Alpha's Silver Jubilee


The Alpha System celebrates its Silver Jubilee or 25th Anniversary this month.
We have a full length revision of the article which appears in the latest Photoworld now online as a page here.
Read our 25th birthday review of the Alpha system’s history now!

One comment

  • I was very interested to read David’s history of the alpha system, however there is an omission which concerns me. In 1984/5 I took out a provisional patent on using infra-red communication to link a flash or incident light meter and a camera. Exposure information was transmitted directly to the camera and the shutter could be fired from the meter. I sold the patent to Minolta and they brought out the Flashmeter IV and the 9000 camera which could be used together. Sadly they didn’t engineer the system as flexibly as I had planned and users had to purchase the expensive meter as well as an attachment to fit on the flash shoe of the camera — I still feel that this was why the system didn’t achieve the sales I had hoped for. In addition the Minolta version had a serious flaw in that out-of-range information wasn’t communicated properly to the camera, For example, if the meter suggested f/2.0 at 1/250 and the camera had a f/2.8 lens, no error message was created and exposure was made at f/2.8 and 1/250.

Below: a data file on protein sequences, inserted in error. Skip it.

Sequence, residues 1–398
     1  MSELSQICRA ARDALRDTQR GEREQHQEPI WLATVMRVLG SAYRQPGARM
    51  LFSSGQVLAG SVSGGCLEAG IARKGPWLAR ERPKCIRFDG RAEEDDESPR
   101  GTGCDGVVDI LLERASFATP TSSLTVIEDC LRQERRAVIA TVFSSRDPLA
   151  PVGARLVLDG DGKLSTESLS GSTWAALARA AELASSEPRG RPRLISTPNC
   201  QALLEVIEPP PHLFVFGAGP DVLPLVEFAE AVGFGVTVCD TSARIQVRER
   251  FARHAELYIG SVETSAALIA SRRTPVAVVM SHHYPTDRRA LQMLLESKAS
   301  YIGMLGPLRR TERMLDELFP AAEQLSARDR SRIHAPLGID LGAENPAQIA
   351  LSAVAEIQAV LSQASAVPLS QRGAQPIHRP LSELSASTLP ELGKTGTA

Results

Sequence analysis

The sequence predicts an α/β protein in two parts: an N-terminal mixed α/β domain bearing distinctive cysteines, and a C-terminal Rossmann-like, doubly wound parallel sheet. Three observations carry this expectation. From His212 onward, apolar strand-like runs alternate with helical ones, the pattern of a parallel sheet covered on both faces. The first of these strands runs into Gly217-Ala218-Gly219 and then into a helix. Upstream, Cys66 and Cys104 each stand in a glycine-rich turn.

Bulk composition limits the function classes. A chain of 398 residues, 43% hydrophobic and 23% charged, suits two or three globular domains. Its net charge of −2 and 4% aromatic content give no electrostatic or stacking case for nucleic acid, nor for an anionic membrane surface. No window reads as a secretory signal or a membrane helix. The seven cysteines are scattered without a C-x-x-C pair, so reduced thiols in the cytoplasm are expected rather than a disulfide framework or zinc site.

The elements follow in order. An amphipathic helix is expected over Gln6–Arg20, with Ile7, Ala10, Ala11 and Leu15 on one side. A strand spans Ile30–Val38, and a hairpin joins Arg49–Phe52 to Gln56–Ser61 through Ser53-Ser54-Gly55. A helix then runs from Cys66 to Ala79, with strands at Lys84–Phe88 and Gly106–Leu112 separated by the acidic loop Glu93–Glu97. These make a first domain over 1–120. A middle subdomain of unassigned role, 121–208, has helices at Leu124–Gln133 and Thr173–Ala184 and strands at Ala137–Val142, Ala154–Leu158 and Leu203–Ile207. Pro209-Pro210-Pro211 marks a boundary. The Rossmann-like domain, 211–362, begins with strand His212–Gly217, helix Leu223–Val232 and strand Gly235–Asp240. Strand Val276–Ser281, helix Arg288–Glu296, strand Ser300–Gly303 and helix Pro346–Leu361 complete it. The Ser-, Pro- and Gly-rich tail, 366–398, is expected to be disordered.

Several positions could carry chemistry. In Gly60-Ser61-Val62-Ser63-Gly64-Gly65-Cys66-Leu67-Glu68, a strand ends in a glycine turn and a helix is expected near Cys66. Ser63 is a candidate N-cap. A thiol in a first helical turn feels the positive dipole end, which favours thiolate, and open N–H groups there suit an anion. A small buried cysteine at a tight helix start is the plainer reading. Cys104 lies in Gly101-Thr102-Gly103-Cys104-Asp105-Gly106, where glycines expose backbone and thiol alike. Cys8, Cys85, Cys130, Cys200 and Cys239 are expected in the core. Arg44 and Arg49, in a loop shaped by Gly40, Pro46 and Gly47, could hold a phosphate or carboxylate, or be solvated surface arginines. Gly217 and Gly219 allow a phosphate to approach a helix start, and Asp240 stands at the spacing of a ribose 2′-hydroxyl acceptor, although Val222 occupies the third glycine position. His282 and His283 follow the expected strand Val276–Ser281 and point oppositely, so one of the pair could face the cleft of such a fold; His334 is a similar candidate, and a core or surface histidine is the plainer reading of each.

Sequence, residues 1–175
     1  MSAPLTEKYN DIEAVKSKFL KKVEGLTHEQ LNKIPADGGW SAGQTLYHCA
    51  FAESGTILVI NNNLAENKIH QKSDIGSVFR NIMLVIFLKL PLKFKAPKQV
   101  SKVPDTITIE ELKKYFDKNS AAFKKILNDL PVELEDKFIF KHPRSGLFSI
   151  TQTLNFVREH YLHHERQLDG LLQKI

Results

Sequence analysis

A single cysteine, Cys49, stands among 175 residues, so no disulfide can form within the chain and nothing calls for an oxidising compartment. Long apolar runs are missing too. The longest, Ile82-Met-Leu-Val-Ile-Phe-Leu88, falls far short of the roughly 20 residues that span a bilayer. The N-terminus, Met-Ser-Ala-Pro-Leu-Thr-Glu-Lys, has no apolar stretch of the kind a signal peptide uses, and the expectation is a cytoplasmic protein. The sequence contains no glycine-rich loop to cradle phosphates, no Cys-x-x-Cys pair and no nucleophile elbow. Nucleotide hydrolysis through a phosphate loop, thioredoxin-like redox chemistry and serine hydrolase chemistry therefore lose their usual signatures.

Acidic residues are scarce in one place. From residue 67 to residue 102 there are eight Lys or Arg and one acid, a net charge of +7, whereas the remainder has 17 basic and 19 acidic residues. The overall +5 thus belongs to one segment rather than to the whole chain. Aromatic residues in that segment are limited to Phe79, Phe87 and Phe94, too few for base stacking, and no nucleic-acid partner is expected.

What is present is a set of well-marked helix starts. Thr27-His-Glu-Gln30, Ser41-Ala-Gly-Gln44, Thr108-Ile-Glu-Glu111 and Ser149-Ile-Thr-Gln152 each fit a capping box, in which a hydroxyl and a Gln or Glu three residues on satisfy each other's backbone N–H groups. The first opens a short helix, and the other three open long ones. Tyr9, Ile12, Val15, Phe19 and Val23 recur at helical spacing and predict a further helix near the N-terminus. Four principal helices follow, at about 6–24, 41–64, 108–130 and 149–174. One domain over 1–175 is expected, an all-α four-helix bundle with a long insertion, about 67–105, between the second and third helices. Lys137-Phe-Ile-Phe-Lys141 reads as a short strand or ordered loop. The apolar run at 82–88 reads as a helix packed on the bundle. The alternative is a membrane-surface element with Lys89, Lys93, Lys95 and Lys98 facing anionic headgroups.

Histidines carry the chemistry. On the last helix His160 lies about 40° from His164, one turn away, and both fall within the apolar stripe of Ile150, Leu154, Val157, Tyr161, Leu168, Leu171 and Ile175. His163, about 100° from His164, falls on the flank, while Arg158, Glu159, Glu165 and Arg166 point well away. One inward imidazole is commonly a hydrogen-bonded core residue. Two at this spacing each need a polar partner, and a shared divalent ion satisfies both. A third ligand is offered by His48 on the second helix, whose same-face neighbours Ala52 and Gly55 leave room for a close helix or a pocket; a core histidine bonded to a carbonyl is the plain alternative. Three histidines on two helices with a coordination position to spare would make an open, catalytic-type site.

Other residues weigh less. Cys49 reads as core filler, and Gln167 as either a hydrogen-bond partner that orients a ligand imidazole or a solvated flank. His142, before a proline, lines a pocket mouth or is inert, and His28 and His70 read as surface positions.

My system required a very simple light receptor which communicated by an infra-red beam to a receptor on the camera and then the camera’s own computer processed the exposure information. Out-of-range exposures would then trigger an error message on the camera. As described in the patent, the system could be used on video as well as still cameras.
    I feel this is another example of how far in advance of other makes Minolta were and how they so often failed to interest the professional world.

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